the gender agenda

another excellent insight from my friend Asbo Jesus

I met up with a good friend this week who, along with her fiance, is a doctor. They are both currently working out what their speciality should be. 100 years ago it might have been expected that she specialise in being a nurse and he a doctor. After all, it is in women’s nature to nurture and men’s to play God. She says, her tongue so firmly in cheek it might need a non-gender specific doctor to extract it.

My friend’s fiance is at the moment on a surgical rotation, helping to perform sex reassignment surgery. It is a fascinating procedure, especially when described over pepperoni pizza. Most fascinating to me is the idea that people go through life feeling as if they are the wrong gender.

But what is gender? If we look to the bible, being a woman seems not just to be about having girly parts but about acting the part of a woman. It is being a good wife, it is wearing adornments (or long hair, depending on your reading of Paul), it is perfoming the female mitzvah expected of you. And now, all the evolution and growth in the Christian church allowing women to preach and be ordained has left men in the unclear.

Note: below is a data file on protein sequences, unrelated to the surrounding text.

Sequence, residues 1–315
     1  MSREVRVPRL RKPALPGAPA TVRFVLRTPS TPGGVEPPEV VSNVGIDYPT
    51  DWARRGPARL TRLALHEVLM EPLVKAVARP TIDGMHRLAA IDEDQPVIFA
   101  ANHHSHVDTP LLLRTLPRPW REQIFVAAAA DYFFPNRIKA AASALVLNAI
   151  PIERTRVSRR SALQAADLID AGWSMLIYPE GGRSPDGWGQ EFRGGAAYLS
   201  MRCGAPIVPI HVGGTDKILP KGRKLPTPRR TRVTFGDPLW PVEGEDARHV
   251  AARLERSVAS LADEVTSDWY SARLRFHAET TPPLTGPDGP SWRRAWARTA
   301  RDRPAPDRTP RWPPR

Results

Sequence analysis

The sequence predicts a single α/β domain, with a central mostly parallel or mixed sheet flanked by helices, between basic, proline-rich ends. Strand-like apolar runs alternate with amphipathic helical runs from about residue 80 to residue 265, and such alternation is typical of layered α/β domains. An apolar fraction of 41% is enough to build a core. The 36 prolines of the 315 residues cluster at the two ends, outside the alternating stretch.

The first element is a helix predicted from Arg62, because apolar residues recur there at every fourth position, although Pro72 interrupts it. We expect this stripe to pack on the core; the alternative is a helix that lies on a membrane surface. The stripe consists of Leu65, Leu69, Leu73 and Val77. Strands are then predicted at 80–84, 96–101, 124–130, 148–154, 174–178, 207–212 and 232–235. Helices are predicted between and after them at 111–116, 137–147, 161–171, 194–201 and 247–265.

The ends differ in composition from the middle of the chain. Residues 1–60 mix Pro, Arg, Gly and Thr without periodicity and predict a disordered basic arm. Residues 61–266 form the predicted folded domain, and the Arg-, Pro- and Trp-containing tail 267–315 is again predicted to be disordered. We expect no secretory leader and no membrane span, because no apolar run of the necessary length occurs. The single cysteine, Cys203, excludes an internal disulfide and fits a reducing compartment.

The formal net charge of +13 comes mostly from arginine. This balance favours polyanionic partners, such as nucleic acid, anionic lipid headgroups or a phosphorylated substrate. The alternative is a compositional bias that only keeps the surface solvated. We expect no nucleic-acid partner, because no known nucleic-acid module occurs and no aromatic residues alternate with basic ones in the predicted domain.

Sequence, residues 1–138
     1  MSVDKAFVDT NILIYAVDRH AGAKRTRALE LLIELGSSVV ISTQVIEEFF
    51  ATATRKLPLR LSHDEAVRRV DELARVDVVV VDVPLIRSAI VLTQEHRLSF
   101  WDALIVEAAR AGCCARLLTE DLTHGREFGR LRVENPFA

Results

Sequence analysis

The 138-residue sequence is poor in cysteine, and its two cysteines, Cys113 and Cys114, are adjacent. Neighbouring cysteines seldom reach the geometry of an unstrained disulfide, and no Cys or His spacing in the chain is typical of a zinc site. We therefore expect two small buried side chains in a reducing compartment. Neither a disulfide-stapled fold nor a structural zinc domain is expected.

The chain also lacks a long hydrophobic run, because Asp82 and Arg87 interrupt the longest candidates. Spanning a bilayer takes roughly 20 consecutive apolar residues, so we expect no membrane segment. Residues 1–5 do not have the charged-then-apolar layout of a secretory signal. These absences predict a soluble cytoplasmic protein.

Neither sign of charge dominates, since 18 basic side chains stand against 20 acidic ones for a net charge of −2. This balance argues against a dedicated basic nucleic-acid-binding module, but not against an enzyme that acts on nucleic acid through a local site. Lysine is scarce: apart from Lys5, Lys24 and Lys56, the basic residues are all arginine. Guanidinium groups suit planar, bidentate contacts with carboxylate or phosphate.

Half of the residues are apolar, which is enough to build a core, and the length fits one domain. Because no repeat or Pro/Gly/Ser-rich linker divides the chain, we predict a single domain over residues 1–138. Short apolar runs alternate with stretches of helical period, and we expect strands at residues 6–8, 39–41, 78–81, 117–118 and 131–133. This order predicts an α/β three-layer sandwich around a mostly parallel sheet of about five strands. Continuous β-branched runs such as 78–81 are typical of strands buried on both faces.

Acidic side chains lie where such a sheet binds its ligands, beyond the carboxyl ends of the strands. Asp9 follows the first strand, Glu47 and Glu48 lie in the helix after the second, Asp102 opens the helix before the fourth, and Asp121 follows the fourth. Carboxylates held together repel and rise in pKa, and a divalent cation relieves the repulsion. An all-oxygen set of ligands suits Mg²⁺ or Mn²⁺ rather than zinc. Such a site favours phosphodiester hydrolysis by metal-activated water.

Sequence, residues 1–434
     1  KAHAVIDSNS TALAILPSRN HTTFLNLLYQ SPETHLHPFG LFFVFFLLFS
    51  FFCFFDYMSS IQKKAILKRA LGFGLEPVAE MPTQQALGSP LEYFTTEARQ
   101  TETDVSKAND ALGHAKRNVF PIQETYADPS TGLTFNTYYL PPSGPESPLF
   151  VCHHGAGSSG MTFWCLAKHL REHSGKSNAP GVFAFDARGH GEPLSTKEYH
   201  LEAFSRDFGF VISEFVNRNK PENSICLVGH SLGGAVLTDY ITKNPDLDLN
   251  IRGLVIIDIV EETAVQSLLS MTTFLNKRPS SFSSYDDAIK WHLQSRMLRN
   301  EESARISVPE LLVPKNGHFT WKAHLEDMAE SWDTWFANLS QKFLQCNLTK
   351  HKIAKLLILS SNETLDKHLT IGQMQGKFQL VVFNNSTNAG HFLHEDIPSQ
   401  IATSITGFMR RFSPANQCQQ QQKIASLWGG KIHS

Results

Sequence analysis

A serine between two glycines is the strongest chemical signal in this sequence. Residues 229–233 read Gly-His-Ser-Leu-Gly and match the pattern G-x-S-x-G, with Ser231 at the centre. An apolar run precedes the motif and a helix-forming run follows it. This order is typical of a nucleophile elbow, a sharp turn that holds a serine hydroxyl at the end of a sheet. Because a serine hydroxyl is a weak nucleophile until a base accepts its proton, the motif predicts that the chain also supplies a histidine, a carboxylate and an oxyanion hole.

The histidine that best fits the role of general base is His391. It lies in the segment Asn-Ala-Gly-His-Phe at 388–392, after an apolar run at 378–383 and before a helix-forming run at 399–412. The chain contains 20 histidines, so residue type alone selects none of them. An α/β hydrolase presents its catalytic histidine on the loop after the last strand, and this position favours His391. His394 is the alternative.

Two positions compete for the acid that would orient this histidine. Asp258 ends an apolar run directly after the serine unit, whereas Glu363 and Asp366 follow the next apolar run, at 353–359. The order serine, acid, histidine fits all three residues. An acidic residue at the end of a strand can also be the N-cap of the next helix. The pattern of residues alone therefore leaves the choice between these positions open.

Being a man is to be a good husband, to earn the money (although the good wife in Proverbs 31 helps to bring in the bacon) to teach. To, you know, be a man. But what does that mean?

At this time in history: when the sales of men’s cosmetics has grown massively in the last few years and guys are unafraid to use hair straighteners or profess to not liking football; when women are established in the workplace and working their way up the hierarchy; when women are also in the pulpit and potentially working their way up the church establishment; when stereotypes are falling like leaves in an autumn breeze, does your gender mean your parts or the part you play?

And at this time in history, when the sexual organs people are born with can be surgically altered, what on earth can the bible possibly have to say? In Acts 8 Philip meets with and evangelises the Ethiopian eunuch. He teaches from Isaiah 53, which damns the position of the eunuch to one without justice and without hope because he cannot have descendents. In fact the eunuch may not have a clearly defined gender but he does have a clearly defined role – he was in charge of the treasury of the Queen of the Ethiopians – and more than that, he is baptised and welcomed into the Kingdom of God, afforded hope and salvation.

I think that worrying whether women or men play out their role according to gender and expectation is an outmoded attitude. I think that defining people by their sexual organs (or sexuality) is short-sighted. I think that the Church has a long way to go before gender and sexuality play the lesser role that they should.

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~ by commutertheology on November 28, 2009.

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